The Investigatory Powers Act 2016 would have ISPs do the precise opposite however, and retain data about users. Pressure group Liberty were recently granted leave to challenge this controversial legislation in the High Court.

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Apprentice View: Your privacy is about to become a lot less private

Posted on Jul 03 2017 by Ellis Mason | Comments Off on Apprentice View: Your privacy is about to become a lot less private
Categories : Encryption, Government, Privacy

All of our Apprentices get the opportunity to experience a variety of roles within Entanet as part of our training and development programme. We’ve recently welcomed Ellis Mason, a Technical Support Apprentice, for work experience within our marketing team. During his time with us, he had the opportunity to research and write a blog post which he enjoyed enormously and we’re pleased to share.

We’re at risk of losing our privacy. This is a key topic of discussion for the tech industry at the moment – and should be yours too if you think your private conversations should stay private. With recent events such as the terror attacks in London and Manchester, this topic has become more heated and more controversial. Our Government is wanting a ‘free pass’ through encrypted communications, in order to provide higher levels of safety to the public. However, this may put everyone at risk from more threats – such as the risk of personal information and bank details being stolen, which would increase the risk of fraud dramatically.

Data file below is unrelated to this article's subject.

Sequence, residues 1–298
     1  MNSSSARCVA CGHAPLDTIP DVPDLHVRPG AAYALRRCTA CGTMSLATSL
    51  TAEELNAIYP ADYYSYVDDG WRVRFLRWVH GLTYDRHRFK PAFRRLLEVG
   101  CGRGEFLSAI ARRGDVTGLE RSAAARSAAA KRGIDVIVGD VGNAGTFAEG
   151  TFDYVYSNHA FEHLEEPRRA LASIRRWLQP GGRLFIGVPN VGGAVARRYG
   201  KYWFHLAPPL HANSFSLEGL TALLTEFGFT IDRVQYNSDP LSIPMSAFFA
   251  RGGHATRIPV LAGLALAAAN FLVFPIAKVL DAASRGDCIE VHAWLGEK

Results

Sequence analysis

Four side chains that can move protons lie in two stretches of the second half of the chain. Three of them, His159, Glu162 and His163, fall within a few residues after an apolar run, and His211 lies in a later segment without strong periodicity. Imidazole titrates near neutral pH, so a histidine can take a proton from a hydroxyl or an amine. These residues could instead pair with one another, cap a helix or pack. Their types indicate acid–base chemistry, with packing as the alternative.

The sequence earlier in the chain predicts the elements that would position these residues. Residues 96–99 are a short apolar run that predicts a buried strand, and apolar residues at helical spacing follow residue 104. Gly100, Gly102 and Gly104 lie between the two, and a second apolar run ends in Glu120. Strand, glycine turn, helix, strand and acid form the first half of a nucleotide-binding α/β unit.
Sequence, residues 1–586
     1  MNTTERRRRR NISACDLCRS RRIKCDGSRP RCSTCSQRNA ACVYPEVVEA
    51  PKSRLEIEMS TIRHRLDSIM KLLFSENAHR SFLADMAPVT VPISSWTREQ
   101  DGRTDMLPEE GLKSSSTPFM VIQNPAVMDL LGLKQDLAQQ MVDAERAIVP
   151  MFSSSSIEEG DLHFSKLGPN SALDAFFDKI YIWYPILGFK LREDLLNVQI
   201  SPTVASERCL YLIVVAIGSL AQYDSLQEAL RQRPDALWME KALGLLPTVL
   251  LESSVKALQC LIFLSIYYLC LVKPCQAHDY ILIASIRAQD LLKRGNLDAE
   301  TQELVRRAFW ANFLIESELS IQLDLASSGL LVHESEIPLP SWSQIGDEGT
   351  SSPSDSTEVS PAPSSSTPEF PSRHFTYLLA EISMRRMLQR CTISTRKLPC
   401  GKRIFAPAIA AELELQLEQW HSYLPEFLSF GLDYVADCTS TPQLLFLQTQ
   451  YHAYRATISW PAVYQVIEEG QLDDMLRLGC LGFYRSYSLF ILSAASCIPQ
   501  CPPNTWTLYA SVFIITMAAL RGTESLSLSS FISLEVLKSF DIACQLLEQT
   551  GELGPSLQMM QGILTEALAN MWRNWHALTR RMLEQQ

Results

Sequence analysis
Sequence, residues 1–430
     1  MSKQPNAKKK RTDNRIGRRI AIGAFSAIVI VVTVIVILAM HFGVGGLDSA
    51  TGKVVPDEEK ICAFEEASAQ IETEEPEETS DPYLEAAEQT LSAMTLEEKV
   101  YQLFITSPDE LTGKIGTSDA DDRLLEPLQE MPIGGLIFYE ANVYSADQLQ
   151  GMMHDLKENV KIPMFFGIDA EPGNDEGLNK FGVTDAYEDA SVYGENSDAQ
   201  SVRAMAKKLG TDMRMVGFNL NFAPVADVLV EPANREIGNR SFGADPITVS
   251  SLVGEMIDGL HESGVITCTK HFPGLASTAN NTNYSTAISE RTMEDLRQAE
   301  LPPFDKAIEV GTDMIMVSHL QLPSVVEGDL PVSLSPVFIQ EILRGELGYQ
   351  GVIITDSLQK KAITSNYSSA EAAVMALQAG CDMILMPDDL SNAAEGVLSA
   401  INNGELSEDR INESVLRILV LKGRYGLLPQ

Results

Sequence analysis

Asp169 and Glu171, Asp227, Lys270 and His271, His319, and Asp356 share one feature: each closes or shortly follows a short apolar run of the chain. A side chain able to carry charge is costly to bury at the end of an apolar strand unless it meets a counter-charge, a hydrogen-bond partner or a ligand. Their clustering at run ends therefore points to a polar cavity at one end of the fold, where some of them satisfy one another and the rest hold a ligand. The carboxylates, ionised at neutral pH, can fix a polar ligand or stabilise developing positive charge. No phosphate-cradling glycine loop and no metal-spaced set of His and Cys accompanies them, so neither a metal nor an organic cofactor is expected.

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Encryption row continues as EU plans a back-door ban

Posted on Jun 26 2017 by Neil Watson | Comments Off on Encryption row continues as EU plans a back-door ban

In the wake of the recent terrorist attacks there has been much discussion amongst various European politicians over the role of end-to-end encryption in services like Whatsapp. Our own Prime Minister Theresa May in particular, has called for end-to-end encryption in these services to be removed and backdoor access granted to security agencies and police to monitor the so called ‘safe places’ where terrorists allegedly hide. However, the Internet industry and various security experts have warned that creating backdoor access and storing the data collated would significantly weaken existing encryption and create a serious security concern as it could easily be abused by fraudsters and hackers, leaving innocent users of such services at risk.